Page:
[viii] Ibid, 67.
[ix] Ibid, 68.
[x] Ibid, 33.
[xi] Ibid, 37.
[xii] Kevin J. Vanhoozer, The Drama of Doctrine: A Canonical-Linguistic Approach to Christian Theology, (Louisville, KY: Westminster/John Knox Press, 2005), 268.
[xiv] Ibid, 270.
[xv] Ibid, 269.
[xvi] Especially Mikhail Bakhtin, Problems of Dostoevsky’s Poetics, ed. Caryl Emerson (Minneapolis: University of Minnesota Press, 1984).
[xvii] Vanhoozer, 270.
[xviii] Ibid, 271.
[xix] Ibid, 272.
[xx] By “postconservative” Vanhoozer means that evangelical theology must cut through the dichotomy between God saying and God doing.He is as fastidious as anyone could be in believing that God’s meaning is to be discovered in the text.See Ardel B. Caneday’s essay, “Is Theological Truth Functional or Propositional?Postconservatism’s Use of Language Games and Speech-Act Theory,” in Millard J. Erickson, Paul Kjoss Helseth, Justin Taylor, eds., Reclaiming The Center, (Wheaton, IL: Crossway Books, 2004), 156 n.89.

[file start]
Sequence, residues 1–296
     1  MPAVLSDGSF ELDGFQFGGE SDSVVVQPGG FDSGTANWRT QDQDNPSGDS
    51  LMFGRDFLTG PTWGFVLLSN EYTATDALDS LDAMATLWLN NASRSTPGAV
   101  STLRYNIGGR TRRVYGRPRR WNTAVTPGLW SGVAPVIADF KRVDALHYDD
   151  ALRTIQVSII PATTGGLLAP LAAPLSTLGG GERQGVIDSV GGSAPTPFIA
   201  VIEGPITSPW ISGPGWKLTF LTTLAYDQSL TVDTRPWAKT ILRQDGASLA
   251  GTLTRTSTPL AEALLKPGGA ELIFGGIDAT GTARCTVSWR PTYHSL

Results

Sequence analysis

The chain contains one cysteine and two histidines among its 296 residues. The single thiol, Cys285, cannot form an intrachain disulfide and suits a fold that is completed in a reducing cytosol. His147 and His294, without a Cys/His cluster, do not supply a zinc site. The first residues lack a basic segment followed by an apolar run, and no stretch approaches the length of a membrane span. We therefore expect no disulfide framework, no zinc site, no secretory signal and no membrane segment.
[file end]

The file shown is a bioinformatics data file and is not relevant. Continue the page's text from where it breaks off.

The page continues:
[xxi] Ibid, 274.
[xxii] Ibid, 278.
[xxiii] Bernard Ramm, The Pattern of Religious Authority, 97.
[xxiv] Ibid. 98.
[xxv] For a full examination of this topic see Wayne Grudem’s essay entitled, “Scripture’s Self-Attestation and the Problem of Formulating a Doctrine of Scripture” in D. A. Carson & John D. Woodbridge, Scripture And Truth, (Grand Rapids: Zondervan, 1983), 19-59.
[xxvi] We look at the Biblical view of language further on.
[xxvii]For more on this subject see Robert L. Reymond, A New Systematic Theology of the Christian Faith, 16ff.A fuller treatment can be found in John Warwick Montgomery’s essay “Biblical Authority” in his The Suicide of Christian Theology, 314-379.
[xxviii] Henry, God, Revelation and Authority, 3.480.